We had one of the saddest and most heart-wrenching crimes happen here in Washington County recently.

Without getting into too many of the details (you can read more about it here), the case is summarized thusly: A child is dead from suspected shaken-baby syndrome, the child's mother is experiencing unmitigated grief, and the child's step-father has been arrested and charged with the crime.

What exactly happened will be revealed in time, but one thing we know for sure is that the child didn't deserve what happened to her.

It's up to us to recognize the signs of frustration and anger when it comes to caring for a child. We need to act before it's too late.

From the child welfare.gov website, we learn that there are key signs in adults' behavior that can indicate possible abuse or neglect toward children:

  • Denies the existence of — or blames the child for — the child’s problems in school or at home
  • Asks teachers or other caregivers to use harsh physical discipline if the child misbehaves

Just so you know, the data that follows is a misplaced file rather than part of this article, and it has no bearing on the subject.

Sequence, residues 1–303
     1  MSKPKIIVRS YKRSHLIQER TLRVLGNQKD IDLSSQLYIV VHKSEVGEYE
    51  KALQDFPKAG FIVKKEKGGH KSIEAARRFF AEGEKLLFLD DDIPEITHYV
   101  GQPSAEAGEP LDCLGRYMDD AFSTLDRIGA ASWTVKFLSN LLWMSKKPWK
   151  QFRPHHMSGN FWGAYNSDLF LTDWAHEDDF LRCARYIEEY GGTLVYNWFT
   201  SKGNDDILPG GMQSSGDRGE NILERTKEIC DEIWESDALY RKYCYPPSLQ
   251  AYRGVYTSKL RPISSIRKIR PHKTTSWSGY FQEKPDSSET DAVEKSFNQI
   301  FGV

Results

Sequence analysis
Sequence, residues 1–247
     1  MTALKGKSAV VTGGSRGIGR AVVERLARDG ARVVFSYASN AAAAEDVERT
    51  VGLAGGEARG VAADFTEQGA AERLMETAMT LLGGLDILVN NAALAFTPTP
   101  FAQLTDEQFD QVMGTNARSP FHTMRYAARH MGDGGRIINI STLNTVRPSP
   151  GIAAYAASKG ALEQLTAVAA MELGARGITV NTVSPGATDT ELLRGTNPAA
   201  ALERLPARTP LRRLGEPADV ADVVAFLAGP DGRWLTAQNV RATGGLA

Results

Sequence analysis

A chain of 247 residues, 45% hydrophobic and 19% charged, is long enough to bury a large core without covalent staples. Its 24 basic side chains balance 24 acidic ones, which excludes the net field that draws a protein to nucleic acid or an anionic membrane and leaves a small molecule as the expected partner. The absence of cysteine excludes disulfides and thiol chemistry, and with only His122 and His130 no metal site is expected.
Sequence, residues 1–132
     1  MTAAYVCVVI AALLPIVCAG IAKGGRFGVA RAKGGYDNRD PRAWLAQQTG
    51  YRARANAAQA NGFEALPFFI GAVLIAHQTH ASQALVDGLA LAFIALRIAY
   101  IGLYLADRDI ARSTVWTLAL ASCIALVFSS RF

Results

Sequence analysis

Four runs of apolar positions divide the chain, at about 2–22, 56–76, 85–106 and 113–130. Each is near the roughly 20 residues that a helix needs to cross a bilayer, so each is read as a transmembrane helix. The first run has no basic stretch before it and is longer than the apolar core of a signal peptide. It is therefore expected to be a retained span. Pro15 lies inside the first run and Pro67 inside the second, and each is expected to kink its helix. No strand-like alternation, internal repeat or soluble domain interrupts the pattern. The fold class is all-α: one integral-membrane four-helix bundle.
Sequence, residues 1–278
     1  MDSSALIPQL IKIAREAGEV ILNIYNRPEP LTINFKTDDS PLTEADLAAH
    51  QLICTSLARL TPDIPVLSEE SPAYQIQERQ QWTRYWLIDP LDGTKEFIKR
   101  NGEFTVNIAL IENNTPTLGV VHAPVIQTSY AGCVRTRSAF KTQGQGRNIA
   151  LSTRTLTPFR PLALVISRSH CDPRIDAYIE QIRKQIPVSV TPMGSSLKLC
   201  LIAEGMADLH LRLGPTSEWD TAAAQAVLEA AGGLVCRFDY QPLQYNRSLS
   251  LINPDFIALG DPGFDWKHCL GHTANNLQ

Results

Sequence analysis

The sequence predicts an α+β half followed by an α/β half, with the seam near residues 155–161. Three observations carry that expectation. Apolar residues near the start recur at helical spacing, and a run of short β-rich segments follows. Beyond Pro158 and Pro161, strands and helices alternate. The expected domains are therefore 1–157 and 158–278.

• Sees the child as entirely bad, worthless, or burdensome
  • Demands a level of physical or academic performance the child cannot achieve
  • Looks primarily to the child for care, attention, and satisfaction of the parent’s emotional needs
  • Shows little concern for the child

As far as the children, the child welfare site says to watch for these telltale signs:

  • Shows sudden changes in behavior or school performance
  • Has not received help for physical or medical problems brought to the parents’ attention
  • Has learning problems (or difficulty concentrating) that cannot be attributed to specific physical or psychological causes
  • Is always watchful, as though preparing for something bad to happen
  • Lacks adult supervision
  • Is overly compliant, passive, or withdrawn
  • Comes to school or other activities early, stays late, and does not want to go home
  • Is reluctant to be around a particular person
  • Discloses maltreatment

For information about risk factors for maltreatment as well as the perpetrators, see the webpage Risk Factors That Contribute to Child Abuse and Neglect or the webpage Perpetrators of Child Abuse & Neglect.

If you suspect something is not right, you're encouraged to call the National Center for Missing & Exploited Children's Cyber Tipline, available 24-hours  a day at 800-843-5678.

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